mkproto - Constructs a prototype file system
mkproto special proto
The mkproto command is used to bootstrap a new file system. First a new
file system is created using newfs. mkproto is then used to copy files
from the old file system into the new file system according to the direc-
tions found in the prototype file proto. The prototype file contains tokens
separated by spaces or newlines. The first tokens comprise the specifica-
tion for the root directory. File specifications consist of tokens, giving
the mode, the user ID, the group ID, and the initial contents of the file.
The syntax of the contents field depends on the mode.
The mode token for a file is a 6-character string. The first character
specifies the type of the file. (The characters -bcd specify regular,
block-special, character-special, and directory files, respectively.) The
second character of the type is either a u or a - (dash) to specify setuid
mode or not. The third character is either a g or a - (dash) for the setgid
mode. The rest of the mode is a 3-digit octal number, giving the owner,
group, and other read, write, execute permissions. (See the chmod(1) com-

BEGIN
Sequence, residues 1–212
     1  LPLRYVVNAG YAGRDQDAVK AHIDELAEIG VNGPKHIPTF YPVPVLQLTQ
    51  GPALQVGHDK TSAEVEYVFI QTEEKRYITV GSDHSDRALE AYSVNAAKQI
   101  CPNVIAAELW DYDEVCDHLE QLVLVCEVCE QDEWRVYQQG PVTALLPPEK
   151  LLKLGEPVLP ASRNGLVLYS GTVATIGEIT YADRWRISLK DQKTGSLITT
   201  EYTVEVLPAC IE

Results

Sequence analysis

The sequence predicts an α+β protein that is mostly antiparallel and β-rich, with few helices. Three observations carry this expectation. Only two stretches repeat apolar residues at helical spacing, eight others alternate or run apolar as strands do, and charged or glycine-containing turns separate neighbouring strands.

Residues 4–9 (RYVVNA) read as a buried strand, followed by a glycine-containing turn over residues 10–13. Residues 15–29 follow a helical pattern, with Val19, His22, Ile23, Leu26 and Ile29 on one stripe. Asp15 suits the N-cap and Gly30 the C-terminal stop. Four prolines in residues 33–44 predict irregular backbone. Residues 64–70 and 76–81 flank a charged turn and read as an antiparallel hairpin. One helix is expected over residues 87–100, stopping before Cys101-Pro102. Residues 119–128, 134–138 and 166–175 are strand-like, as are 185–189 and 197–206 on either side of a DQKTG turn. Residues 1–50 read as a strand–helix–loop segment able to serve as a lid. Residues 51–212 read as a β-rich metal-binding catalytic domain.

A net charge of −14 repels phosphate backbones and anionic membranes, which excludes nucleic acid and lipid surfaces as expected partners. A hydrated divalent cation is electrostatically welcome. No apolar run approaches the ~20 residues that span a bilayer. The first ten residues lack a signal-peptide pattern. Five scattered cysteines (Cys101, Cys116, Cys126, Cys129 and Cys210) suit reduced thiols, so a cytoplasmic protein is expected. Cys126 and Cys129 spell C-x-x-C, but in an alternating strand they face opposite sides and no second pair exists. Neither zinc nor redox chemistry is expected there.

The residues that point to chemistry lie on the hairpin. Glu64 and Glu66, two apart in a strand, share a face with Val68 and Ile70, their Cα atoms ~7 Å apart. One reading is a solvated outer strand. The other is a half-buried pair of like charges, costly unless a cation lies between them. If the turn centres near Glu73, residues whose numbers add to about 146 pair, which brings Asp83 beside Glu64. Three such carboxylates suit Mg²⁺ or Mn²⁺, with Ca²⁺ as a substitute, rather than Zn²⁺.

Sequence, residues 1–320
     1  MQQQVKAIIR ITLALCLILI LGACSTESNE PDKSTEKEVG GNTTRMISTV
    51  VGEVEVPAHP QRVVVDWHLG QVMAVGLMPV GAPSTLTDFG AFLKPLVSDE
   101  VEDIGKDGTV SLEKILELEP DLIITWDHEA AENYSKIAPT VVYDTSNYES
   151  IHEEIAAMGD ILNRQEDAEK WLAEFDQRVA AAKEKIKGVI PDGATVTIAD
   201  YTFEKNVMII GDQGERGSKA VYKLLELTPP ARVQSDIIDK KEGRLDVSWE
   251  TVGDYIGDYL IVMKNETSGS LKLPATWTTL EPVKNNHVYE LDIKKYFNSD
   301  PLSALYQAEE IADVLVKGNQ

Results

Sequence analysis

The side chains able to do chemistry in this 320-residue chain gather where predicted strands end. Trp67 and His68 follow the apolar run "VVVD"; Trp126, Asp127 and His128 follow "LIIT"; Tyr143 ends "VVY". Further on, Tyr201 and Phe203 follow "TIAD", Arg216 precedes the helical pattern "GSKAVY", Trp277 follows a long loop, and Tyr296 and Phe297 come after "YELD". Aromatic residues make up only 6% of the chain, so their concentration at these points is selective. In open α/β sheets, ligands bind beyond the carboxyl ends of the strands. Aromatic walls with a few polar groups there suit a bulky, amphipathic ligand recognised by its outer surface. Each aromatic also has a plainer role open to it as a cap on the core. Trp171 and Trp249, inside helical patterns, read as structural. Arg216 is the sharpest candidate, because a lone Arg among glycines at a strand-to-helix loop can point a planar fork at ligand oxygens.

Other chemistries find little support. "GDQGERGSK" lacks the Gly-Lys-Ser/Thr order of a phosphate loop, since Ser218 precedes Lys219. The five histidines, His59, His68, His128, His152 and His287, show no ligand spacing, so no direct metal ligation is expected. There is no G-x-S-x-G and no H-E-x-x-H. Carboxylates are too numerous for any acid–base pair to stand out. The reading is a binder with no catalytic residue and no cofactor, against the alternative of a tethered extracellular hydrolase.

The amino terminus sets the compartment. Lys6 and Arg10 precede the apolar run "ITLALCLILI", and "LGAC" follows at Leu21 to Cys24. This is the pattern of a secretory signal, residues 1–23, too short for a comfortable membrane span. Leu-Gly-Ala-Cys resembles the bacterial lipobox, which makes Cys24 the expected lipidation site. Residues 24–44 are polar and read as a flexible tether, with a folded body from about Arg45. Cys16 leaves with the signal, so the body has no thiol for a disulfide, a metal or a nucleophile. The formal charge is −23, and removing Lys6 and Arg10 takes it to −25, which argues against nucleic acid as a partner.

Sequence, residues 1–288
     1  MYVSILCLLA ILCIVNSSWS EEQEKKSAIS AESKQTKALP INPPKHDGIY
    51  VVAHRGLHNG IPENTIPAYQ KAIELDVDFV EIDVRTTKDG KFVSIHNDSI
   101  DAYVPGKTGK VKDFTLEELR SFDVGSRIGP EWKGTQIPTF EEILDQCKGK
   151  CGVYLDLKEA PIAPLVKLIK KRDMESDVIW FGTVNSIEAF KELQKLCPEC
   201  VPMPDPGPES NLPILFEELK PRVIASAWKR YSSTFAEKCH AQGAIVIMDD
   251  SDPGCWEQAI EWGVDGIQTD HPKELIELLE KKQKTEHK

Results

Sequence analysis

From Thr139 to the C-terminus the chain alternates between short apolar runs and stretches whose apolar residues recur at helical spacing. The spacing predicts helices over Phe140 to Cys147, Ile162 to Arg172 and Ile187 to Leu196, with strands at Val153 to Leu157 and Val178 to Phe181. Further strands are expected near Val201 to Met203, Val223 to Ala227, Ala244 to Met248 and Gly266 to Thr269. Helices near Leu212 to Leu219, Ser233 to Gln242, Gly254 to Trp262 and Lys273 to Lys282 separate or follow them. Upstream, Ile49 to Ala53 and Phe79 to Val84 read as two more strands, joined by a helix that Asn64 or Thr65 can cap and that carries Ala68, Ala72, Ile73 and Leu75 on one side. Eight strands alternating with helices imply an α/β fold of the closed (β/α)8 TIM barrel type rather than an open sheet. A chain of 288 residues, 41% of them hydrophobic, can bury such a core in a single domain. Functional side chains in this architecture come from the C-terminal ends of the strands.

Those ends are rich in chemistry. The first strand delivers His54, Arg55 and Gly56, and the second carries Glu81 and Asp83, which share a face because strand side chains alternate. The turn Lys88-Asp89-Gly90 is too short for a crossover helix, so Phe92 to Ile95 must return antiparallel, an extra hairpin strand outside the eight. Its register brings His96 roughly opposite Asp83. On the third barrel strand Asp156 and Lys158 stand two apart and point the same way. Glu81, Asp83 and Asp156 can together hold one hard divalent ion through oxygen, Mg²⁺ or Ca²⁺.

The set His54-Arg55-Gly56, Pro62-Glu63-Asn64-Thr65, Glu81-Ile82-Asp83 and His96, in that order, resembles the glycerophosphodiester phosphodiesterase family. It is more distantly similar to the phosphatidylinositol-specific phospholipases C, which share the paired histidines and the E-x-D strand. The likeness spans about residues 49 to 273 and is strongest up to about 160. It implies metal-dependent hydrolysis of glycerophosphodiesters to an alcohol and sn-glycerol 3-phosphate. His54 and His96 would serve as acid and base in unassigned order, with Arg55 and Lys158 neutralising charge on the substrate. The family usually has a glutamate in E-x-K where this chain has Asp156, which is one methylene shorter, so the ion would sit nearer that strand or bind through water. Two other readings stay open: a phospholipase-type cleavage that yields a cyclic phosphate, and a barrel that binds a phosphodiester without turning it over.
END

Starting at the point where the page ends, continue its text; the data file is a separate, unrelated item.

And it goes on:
mand for more information.)
Two decimal number tokens come after the mode; they specify the user and
group IDs of the owner of the file:
+ If the file is a regular file, the next token is a pathname from which
the contents and size are copied.
+ If the file is a block-special or a character-special file, two
decimal number tokens follow, giving the major and minor device
+ If the file is a directory, mkproto makes the entries . (dot) and ..
(dot dot) and then reads a list of names and (recursively) file
specifications for the entries in the directory. The scan is ter-
minated with the token $.
The following listing shows a sample prototype specification.
d--777 3 1
usr d--777 3 1
sh ---755 3 1 /bin/sh
ken d--755 6 1
b0 b--644 3 1 0 0
c0 c--644 3 1 0 0
Specifies the command path
Commands: fsck(8), fsdb(8), newfs(8)